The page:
Conceptual Art and Homemade Samples: A Conversation with Lorana

Lorana © Arthur Coppens
Lorana © Arthur Coppens
Lorana delves into the creative process behind her debut EP, Here In Between, and what the future holds for her music.
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A conceptual piece of work with the underlying theme of duality, Lorana’s Here In Between EP wraps up the first chapter in the artist’s career. “Here In Between”, the track from which the EP gets its title, is the final single from the body of work, and it explores the concept of duality by focusing on the balance between becoming an adult and leaving childhood behind.

Here in Between EP - Lorana
Here in Between EP – Lorana

“Do you know that feeling of knowing where you’re headed and knowing where you come from, but every now and then getting lost ‘in between’? That’s what the song’s about. Being in my early twenties, I still feel like a kid sometimes, but because of my age the world treats me as an adult. It’s a strange transition to experience, but luckily, I’m not alone in that! I wrote this one as an anthem for my peers, so that we can feel lost together”, Lorana explains about the single.

If there is something that characterises Lorana’s releases, it’s their consistency and cohesiveness. Following the same method present in her previous singles, the whole EP is garnished with the artist’s homemade samples, which she uses to pull the listener a little bit closer to her world, as well as to enhance the narrative of each song.

A phase that started with the release of Lorana’s self-produced debut single, “Am I?”, culminates now with the release of the Here In Between EP, which she also produced herself in her small studio flat.

In the lead up to the EP launch, Atwood Magazine had the pleasure of speaking to Lorana about her creative process, her aims when unveiling this body of work, and what the next chapter looks like.

Listen: Here in Between – Lorana


Here in Between EP - Lorana

Atwood Magazine: First thing’s first - congrats on the success of your previous releases leading up to the EP! Your EP release is getting very close, how does it feel to put out a body of work like that into the world?

Lorana: Thank you! I’m just, I’m feeling super excited to be honest. This work has been ready for almost a year now and it’s just, I don’t know why, but I still love it. It’s still like I wrote the songs yesterday, and like I produced them just very freshly, and I’ve never had that with a body of work before. I guess that’s why I’m like, very proud to finally release this so, yeah, I’m just mainly very excited.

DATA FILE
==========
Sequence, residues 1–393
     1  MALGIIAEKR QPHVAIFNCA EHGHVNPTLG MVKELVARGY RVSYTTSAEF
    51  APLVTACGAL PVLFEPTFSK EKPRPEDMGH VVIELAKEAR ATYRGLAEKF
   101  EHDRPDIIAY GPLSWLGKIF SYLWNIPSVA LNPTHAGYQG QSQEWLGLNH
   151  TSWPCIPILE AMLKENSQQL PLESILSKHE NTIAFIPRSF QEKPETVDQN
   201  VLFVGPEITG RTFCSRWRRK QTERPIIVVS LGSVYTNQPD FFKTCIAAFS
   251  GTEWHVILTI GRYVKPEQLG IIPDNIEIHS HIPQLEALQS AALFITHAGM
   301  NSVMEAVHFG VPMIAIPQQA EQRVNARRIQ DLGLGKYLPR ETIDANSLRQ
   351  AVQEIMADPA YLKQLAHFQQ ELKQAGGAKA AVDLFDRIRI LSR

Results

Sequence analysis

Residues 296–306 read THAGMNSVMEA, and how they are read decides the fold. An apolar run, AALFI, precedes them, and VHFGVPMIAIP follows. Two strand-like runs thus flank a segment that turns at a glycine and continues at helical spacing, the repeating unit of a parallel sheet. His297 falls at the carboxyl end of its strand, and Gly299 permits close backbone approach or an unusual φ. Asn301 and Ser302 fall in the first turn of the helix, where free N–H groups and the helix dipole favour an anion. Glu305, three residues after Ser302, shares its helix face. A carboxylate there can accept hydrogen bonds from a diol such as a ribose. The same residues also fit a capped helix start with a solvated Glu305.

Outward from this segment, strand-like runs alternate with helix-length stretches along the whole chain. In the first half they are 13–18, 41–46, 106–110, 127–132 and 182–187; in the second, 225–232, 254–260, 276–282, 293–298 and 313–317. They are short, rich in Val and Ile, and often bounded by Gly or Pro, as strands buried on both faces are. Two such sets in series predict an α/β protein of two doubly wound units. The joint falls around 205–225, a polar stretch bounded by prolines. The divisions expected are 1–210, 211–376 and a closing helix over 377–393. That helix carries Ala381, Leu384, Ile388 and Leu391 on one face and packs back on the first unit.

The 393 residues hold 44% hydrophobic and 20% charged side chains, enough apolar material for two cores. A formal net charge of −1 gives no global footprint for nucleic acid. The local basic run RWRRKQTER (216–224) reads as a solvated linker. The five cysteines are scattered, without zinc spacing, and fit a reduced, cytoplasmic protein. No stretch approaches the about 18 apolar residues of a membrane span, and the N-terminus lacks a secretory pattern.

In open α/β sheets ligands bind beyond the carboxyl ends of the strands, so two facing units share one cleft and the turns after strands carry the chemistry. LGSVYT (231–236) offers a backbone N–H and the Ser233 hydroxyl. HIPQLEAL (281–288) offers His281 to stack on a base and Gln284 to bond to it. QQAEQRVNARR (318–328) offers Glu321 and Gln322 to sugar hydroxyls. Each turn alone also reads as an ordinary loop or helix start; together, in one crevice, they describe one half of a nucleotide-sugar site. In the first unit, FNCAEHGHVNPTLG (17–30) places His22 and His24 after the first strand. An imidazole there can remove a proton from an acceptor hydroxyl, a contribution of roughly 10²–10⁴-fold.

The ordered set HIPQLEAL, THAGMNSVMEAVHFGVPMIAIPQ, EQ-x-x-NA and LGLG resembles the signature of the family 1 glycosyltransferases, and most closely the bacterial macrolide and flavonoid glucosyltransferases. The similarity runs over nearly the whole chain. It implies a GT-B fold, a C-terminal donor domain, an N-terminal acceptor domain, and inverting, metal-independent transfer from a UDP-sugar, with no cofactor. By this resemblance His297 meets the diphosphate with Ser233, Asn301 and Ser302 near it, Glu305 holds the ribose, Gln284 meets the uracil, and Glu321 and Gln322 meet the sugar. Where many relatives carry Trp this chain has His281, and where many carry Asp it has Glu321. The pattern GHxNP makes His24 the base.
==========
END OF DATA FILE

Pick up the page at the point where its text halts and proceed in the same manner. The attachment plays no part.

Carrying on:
Well, that’s very interesting, because you often hear musicians saying that they wrote something, they thought it was great, but then, as time goes by, they kind of get tired of it.

Lorana: Yeah, and I usually have that as well! But somehow, with these tracks, they just stick to me.


Well that’s good, very good! The EP has the underlying theme of duality. Is this something you did deliberately when creating it, or did the singles just happen to all tie into that theme?

Lorana: That’s a good question, it was definitely deliberate, just mainly because I really love conceptual art, so creating a piece of work like that was, for me, something that I was aiming for before I started doing it. After Arthur, [my boyfriend], and I moved countries I just kept facing the feeling of being in between, but in so many different aspects of my life, even in my music. And then eventually I decided, ‘let’s just write something, a whole body of work, about that feeling’, basically to deal with it. So yeah, that’s how I started.

That’s great! If you were to do another EP, which I’m sure you will at some point, would you do the same thing and have an underlying theme?

Lorana: Yes! I actually started on a new one, because this has been ready for a while and I’ve been writing, and writing, and writing… And I think a month or two ago I was like, ‘okay, I need a new concept’. I think last week, for the first time, I really put my finger on it, and I was like ‘this is what the next EP is going to be about’. So now I’m in the middle of writing that one, but it is already, again, like a concept. I really need that! I love working towards something.

What is it? What’s the new concept? Can you say or not yet?

Lorana: I don’t know if I wanna say it yet, because maybe I end up not liking it and I’ll change it, and then it won’t be right anymore (laughs).

Lorana © Arthur Coppens
Lorana © Arthur Coppens

Okay, fair enough! You have self-produced the EP, meaning you’ve been in control of the whole creative process. What does that process look like, the journey from the initial idea to the finished piece?